Monday, June 11, 2007

Cloaking Technology is Bad News

We analyzed a cloaking service today that could potentially enable some disastrous security breaches. The name of the service is "SpoofCard".

The service, available online to anyone, is a spoofing service. It allows anyone with a credit card to sign up and call a number using any phone number you enter (including the phone number of a legitimate business), and a fake voice of your choosing.

Yes, you parsed that "Voice Changer" feature correctly: SpoofCard allows you to disguise your voice while calling on your fake (or spoofed) phone number, and even swap gender.

There are an unlimited number of scenarios I can think of in which this technology would enable a crime to occur, or at least enable the pre-conditions to a crime:

1. Unauthorized voice mail access
2. Business Call Center spoofing
3. Medical Center spoofing
4. Law Enforcement spoofing
5. Bank Call Center spoofing
6. Stalking and abuse

We signed up for SpoofCard and tested several of these scenarios today, using an Authentium corporate mobile BlackBerry connected to the Cingular Network.

The results were unequivocal. The faked phone number went through to my voice mail on the first try (I have since enabled the PIN again - what a pain).

The business spoof was chilling - we used the number of the business and there was no way of telling this was not a legitimate call - and no way of back-channeling the information to find out the caller's identity.

There was no way of knowing that my "bank" was not my actual bank, or my local police station was not my local police station in our testing. The caller ID came up right on-screen, the voice sounded authentic.

Even the female voice disguise (a free option) sounded effective. and at the end of the call, SpoofCard provided an interface to the call history, so I could check out who I'd spammed/scammed:

I looked up via Whois and of course, like many of the companies in this area, they are using WhoisGuard, and probably a US-based hosting company. No other information was available.

What public good SpoofCard provides, I have no idea. I cannot think of one legitimate reason why this technology should exist.

I also cannot, for the life of me, understand why, during this time of rampant ID fraud and the war on terror, at a time when people are literally dying to protect our assets and way of life, we are not paying closer attention to regulating cloaking technologies that could enable crimes.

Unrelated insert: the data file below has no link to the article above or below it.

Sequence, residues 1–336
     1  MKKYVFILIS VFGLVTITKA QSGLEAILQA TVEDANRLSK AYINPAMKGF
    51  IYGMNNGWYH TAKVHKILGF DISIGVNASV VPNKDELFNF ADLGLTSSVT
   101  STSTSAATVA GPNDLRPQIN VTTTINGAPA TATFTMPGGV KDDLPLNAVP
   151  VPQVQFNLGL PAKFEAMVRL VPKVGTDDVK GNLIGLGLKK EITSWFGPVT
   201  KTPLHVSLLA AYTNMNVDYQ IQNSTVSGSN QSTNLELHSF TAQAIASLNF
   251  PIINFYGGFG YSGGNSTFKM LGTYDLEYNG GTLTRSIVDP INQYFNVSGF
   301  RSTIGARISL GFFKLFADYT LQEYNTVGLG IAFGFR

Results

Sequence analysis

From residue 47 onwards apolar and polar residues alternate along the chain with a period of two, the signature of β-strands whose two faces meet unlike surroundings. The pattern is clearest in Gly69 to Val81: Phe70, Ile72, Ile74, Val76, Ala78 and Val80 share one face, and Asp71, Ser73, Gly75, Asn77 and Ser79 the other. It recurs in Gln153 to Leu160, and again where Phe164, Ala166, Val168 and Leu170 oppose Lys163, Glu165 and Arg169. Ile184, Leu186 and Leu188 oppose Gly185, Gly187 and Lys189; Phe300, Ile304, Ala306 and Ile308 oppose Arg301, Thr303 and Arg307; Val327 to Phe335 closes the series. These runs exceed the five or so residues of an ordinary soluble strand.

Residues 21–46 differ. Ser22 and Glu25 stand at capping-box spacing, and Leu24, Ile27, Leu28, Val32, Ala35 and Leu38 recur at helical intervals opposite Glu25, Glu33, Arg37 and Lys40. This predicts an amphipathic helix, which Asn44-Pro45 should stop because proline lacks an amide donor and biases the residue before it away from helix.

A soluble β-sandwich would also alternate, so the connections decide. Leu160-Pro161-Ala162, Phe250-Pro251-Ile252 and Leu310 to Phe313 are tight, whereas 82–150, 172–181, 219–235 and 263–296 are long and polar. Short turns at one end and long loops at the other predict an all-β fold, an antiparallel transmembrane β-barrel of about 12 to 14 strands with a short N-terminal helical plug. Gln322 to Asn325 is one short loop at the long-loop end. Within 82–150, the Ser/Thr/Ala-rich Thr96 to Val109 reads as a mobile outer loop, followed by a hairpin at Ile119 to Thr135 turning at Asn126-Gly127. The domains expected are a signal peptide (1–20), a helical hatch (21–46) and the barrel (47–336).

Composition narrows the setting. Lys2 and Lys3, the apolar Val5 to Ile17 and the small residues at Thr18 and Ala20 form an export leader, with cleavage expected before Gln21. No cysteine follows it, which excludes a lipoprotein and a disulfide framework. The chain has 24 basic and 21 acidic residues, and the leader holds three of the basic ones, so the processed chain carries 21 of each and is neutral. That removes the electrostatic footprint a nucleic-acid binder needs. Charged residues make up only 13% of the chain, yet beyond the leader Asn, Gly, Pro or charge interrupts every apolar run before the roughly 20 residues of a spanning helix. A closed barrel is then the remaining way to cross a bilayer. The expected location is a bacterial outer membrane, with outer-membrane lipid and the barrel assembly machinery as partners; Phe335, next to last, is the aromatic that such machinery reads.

knightrd said...

"Cloaking" and "spoofing CID" have been going on for a lot longer than most people realize. Anybody with control (authorized or otherwise) of a PBX has been able to do this for ages.

The difference, now, is that the power has been put into the hands of the masses. Unfortunately, the problems that cause this are systemic and not as easy to solve as many people would imagine. The Internet suffers from some similarly "disadvantaged" technology. It will get worse before it gets better because there must be sufficient incentive to change (i.e. new laws + new technology).

I have a very simple suggestion that is worth considering in regard to the VM pin #. What I normally advise people to do is set a VM pin #. You need to do this ANYHOW, because it gives you the option to check your VM from another phone (dial your #, wait for the recording, and hit #pin#).

On many phones you may have your VM # set in more than one place, so you'll need to do it in each location (so that it behaves consistently for you). For example you may have it listed as a contact and it may also be programmed into the "messages" or "voice mail" menu on your phone. The only way to check is to see if the contact for your VM contact has a speed dial set to 1. If it's not set in the contacts, then you'll probably need to change it in a second spot as well.

Make sure that you dial your full 10 digit phone number rather than a shortcut code (like a # or * code) to access your VM . Edit your VM contact(s) to include a pause (or wait) at the end of the 10 digit #, followed by the pin # and pound sign.

Let's assume your MDN is 2105551212 and your VM pin # is 1234:

read your manual :)

There is a different risk resulting from having your pin # stored in the phone. You risk someone getting your VM pin #, but that is easy change. It wouldn't be a bad idea regardless. You might be suprised at some of the information that is retained in your phone without your knowledge. :)

Many handsets allow for password protection. Never forget, if your phone is lost or stolen, immediately call the company to have it suspended because you will liable for any charges if you don't.

It's really very simple, but that's often the case after we look back with regrets.

Concerned said...

My girlfriend has a stalker.

He's using this service to really F*ck with her. This needs to be outlawed already. I can see using it for law enforcement but anybody else it's just plain fraud.

I'm thinking of starting a campaign to get this outlawed. Please write your local elected officials.